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# Lesson 1-4: Structured Cabling Systems

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### Lesson 1-4: Structured Cabling Systems

1. 1. Unit 1: Internetworking Overview Lesson 1-4: Structured Cabling Systems At a Glance This lesson describes both physical and logical organization of networks. Topologies described include bus, ring, star, and hybrid. This unit also covers TIA/EIA 568 structured cabling standards, which govern the installation of local area networks. In order to design, install, troubleshoot, and maintain networks, administrators must have a solid understanding of these topologies and cabling standards. What You Will Learn After completing this lesson, you will be able to: • Identify and describe the elements that are recommended for structured cabling networks. • Diagram bus, star, ring, and hybrid topologies. • Compare and contrast the advantages and disadvantages of bus, star, ring, and hybrid topologies. • Select the appropriate topology for a particular set of network requirements. • Create a questionnaire for an administrator to use when planning or expanding a network. • Select and estimate the cost of cabling for a given network. ST0025803A 89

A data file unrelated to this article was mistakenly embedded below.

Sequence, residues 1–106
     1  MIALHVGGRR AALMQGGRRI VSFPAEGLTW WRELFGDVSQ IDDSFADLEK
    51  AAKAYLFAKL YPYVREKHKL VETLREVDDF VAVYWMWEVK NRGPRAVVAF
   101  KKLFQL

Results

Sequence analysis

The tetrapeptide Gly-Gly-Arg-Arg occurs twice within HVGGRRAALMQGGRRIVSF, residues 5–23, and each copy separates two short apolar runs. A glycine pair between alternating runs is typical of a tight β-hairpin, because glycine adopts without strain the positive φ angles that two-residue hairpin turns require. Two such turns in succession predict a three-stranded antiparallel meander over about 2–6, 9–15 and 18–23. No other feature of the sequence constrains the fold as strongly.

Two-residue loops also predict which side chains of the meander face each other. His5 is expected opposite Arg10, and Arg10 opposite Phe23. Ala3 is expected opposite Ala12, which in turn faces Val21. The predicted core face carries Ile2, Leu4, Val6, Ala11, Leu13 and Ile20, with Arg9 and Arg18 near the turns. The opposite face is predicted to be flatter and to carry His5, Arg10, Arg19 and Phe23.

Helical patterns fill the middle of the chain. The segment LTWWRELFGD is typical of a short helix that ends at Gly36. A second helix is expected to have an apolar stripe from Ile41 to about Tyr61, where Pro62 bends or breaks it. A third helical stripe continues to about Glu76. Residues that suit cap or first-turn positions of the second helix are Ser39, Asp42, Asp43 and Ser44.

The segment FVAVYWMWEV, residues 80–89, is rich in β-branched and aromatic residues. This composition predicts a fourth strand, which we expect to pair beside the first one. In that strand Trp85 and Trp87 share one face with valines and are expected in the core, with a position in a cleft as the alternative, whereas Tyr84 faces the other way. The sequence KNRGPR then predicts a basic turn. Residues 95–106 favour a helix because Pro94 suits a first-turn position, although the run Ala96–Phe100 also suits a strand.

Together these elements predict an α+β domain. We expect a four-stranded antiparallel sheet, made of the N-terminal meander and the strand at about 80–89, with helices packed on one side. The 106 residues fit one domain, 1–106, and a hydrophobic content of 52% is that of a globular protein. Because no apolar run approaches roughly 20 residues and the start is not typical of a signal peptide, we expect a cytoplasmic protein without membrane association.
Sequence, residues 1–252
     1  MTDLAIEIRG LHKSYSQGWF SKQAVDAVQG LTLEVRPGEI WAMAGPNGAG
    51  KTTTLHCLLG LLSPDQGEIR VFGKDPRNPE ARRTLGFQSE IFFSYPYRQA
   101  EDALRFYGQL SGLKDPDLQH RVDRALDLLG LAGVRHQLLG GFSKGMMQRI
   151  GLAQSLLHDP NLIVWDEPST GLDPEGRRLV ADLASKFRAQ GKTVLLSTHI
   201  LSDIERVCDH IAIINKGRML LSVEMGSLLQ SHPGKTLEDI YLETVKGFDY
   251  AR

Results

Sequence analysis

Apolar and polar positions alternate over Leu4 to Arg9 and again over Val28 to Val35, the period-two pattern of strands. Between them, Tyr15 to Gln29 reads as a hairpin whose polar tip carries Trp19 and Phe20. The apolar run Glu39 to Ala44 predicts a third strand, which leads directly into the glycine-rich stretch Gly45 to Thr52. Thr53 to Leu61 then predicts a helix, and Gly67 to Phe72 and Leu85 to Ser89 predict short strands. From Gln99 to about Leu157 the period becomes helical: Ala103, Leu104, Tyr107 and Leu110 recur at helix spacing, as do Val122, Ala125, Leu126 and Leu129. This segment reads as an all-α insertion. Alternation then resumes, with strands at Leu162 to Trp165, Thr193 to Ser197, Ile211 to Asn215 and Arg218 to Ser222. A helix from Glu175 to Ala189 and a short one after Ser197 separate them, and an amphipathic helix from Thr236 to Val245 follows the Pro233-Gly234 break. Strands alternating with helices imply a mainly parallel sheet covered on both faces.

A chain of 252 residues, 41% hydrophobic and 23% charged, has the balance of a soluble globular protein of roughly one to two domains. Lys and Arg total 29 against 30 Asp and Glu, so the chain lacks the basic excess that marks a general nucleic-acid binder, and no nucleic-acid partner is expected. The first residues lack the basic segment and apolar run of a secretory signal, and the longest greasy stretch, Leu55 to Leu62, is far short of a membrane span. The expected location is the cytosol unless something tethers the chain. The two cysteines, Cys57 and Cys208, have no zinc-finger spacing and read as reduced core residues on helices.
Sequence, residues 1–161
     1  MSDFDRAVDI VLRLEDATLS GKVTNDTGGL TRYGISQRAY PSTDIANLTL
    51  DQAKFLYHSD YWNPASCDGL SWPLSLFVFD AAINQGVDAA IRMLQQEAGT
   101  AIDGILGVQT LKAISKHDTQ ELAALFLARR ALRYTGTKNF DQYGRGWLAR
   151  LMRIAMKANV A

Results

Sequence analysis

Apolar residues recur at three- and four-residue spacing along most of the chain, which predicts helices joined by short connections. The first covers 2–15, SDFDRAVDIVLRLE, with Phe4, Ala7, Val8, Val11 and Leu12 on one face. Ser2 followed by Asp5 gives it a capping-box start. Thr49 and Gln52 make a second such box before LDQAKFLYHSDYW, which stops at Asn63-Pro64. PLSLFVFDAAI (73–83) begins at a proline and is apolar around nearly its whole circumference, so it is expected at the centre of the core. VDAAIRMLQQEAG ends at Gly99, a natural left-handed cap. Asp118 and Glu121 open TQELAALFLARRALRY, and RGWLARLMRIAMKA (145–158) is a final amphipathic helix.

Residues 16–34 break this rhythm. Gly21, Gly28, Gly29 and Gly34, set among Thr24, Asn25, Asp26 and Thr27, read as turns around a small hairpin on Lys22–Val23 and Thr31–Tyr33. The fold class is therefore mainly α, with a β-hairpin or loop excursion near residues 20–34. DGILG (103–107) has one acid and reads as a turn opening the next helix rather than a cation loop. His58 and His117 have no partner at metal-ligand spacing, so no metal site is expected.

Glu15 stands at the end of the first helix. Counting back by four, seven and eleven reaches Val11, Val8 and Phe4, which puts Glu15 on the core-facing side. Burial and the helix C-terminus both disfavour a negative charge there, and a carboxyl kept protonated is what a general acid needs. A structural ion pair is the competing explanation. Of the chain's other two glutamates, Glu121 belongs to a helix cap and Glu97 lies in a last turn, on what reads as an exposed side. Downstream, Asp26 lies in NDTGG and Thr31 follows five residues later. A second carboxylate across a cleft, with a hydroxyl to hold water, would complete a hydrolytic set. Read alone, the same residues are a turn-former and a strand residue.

2. 2. Lesson 1-4: Structured Cabling Systems Tech Talk • Active HubType of hub that monitors, amplifies, and regenerates signals. Signals are strengthened in active hubs. The opposite of a passive hub. • AttenuationThe weakening of a signal as it travels over connection media; also referred to as signal degradation. • Bus TopologyNetwork topology where computer devices are connected in a row to a continuous length of cable segment. Each end of the cable segment must be terminated by means of a terminating resistor. • Logical TopologyLogical topology describes the actual path of data signals through a network. It does not refer to the physical layout of the network. • Passive HubType of hub that does not take an active role in maintaining, processing, or regenerating signals. A passive hub serves only as a physical connection point for computer devices. The opposite of active hub. • Patch Panel Connection point located in a secure closet and used to terminate the horizontal and vertical cables. • Physical TopologyThe attributes and physical setup, not logical topology, of a network. Physical topology describes the physical connections and arrangement of the internetworking devices. • RedundancyNetworking redundancy refers to the additional equipment or measures taken to ensure continuous operation of a network. One example is having an extra server available in case one goes down. • Ring TopologyClosed network with no beginning or end point. Computer devices are all connected to one main cable segment in a continuous fashion. Termination devices are not necessary. All computers have equal access to the network. • Star TopologyTopology that uses point-to-point wiring. There is a central hub, which receives and transmits signals over the network. Each computer device is connected to a hub, not directly to the other computers. • TerminatorDevice connected at the end of each wire segment in bus networks. Terminators absorb transmission signals, which prevent them from bouncing back and causing interference. 90 ST0025803A Internetworking Fundamentals